Rehabilitating Corticospinal Control of Walking (ABC of Walking)

This study is not yet open for participant recruitment. (see Contacts and Locations)
Verified May 2014 by Department of Veterans Affairs
Sponsor:
Collaborators:
University of Florida
Brooks Center for Rehabilitation Studies
Information provided by (Responsible Party):
Department of Veterans Affairs
ClinicalTrials.gov Identifier:
NCT02132650
First received: April 23, 2014
Last updated: May 14, 2014
Last verified: May 2014
  Purpose

The VHA estimates that over 15,000 Veterans incur a stroke each year. As the population of older Veterans grows, stroke will become an increasingly important problem to the VHA. Recovery of walking function is the most common goal of stroke survivors. The proposed study will test whether training with accurate walking tasks to engage the damaged supraspinal motor pathways is more effective than training with steady state walking. The investigators expect that training accurate tasks will be more effective, thereby improving walking function of Veteran stroke survivors and reducing the burden of care placed on families and on the VHA. Furthermore, this rehabilitation approach can be accomplished at comparable cost to existing rehabilitation approaches, which is important given that the VHA invests $88 million per year toward outpatient care, including physical rehabilitation, in the first six months after stroke. This research also has implications for rehabilitation of other neurologically injured populations, including traumatic brain injury and incomplete spinal cord injury.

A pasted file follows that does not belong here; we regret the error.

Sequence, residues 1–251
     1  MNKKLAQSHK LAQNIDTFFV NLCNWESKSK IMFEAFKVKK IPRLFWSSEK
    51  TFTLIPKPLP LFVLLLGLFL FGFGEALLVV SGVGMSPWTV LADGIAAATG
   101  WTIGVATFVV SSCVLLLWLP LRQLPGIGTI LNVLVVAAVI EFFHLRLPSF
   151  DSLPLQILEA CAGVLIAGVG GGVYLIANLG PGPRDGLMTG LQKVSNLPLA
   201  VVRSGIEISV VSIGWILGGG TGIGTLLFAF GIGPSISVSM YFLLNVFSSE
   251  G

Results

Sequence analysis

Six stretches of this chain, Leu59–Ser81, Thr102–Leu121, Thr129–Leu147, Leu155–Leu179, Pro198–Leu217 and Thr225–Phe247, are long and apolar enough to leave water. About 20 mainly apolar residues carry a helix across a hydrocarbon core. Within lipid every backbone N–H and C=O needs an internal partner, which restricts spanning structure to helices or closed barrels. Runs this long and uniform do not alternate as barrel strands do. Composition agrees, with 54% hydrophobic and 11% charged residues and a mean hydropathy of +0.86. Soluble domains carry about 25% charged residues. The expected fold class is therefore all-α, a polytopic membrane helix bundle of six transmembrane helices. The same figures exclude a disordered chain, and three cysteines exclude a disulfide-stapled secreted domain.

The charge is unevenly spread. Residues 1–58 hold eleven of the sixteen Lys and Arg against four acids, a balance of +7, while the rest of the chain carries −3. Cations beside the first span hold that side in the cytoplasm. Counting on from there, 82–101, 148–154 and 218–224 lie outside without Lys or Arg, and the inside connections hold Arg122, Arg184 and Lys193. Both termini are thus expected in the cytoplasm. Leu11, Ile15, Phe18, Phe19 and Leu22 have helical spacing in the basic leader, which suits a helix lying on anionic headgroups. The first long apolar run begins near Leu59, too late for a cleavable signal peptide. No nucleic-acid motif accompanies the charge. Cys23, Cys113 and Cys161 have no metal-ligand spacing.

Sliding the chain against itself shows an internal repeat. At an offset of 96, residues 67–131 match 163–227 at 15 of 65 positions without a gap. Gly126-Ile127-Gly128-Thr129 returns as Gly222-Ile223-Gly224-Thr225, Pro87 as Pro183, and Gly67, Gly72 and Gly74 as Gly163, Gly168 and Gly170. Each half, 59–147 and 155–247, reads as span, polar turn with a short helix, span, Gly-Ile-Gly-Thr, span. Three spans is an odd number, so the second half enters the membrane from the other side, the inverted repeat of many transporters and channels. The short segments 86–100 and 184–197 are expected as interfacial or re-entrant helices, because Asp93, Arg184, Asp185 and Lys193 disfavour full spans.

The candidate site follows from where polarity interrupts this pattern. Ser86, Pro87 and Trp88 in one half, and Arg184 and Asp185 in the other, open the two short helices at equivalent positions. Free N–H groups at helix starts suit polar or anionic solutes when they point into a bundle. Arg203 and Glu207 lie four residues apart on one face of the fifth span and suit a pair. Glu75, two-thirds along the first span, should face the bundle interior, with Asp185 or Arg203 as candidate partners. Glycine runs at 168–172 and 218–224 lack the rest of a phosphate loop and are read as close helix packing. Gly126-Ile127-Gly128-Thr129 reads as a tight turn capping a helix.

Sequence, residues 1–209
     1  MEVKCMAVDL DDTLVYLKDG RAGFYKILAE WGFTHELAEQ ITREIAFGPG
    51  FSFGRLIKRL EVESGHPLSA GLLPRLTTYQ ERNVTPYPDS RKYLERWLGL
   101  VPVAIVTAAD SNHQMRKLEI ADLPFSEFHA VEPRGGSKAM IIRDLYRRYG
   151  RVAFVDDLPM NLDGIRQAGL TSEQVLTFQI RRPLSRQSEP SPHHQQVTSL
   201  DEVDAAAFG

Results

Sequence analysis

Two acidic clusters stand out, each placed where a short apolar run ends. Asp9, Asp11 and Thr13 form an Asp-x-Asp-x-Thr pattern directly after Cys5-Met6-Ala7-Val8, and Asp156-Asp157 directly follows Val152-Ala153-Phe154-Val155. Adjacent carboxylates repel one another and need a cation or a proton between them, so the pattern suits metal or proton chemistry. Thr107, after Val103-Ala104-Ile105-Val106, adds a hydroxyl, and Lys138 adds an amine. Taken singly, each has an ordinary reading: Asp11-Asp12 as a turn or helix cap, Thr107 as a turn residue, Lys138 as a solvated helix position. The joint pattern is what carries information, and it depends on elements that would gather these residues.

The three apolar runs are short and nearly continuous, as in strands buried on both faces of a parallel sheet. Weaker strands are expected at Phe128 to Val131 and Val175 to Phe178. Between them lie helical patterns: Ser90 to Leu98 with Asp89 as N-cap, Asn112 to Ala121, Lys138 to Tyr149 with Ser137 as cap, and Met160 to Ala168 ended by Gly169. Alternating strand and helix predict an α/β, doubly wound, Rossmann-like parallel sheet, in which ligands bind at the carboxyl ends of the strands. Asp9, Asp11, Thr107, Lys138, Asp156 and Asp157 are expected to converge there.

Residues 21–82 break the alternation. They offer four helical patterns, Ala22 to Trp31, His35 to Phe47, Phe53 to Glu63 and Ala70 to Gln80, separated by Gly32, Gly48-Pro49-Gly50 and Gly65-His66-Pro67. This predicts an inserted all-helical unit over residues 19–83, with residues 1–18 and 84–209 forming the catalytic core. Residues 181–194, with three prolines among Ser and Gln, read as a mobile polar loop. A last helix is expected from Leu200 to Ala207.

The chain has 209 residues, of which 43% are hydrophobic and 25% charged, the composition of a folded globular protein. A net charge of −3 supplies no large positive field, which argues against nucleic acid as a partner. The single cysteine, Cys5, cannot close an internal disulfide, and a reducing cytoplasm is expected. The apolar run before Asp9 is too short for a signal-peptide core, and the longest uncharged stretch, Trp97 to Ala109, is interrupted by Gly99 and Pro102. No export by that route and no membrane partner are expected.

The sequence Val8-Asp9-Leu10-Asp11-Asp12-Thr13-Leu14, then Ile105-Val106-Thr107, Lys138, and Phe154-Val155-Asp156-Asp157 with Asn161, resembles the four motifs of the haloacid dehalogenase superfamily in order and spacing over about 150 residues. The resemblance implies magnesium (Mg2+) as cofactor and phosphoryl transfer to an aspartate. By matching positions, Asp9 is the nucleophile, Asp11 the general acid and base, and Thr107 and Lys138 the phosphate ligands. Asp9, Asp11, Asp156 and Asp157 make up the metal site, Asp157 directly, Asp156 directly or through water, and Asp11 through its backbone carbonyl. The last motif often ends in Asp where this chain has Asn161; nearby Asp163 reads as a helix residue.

Condition Intervention Phase
Stroke
Behavioral: ACC training
Behavioral: SS training
Phase 2

Study Type: Interventional
Study Design: Allocation: Randomized
Endpoint Classification: Efficacy Study
Intervention Model: Parallel Assignment
Masking: Open Label
Primary Purpose: Treatment
Official Title: Rehabilitation of Corticospinal Control of Walking Following Stroke

Resource links provided by NLM: